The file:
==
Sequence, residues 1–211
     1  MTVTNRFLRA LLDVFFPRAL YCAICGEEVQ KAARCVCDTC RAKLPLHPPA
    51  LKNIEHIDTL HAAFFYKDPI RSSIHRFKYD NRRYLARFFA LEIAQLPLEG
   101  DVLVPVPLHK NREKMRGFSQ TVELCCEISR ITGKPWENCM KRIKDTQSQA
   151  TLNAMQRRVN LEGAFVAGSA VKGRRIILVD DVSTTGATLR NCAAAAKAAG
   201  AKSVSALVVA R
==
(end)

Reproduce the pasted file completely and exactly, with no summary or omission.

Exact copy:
Sequence, residues 1–211
     1  MTVTNRFLRA LLDVFFPRAL YCAICGEEVQ KAARCVCDTC RAKLPLHPPA
    51  LKNIEHIDTL HAAFFYKDPI RSSIHRFKYD NRRYLARFFA LEIAQLPLEG
   101  DVLVPVPLHK NREKMRGFSQ TVELCCEISR ITGKPWENCM KRIKDTQSQA
   151  TLNAMQRRVN LEGAFVAGSA VKGRRIILVD DVSTTGATLR NCAAAAKAAG
   201  AKSVSALVVA R